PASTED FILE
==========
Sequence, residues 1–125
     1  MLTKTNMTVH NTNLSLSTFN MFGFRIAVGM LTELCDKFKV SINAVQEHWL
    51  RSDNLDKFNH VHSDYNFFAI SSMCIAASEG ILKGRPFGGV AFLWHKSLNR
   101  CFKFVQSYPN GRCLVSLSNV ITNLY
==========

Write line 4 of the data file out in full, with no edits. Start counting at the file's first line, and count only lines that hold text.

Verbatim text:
   101  CFKFVQSYPN GRCLVSLSNV ITNLY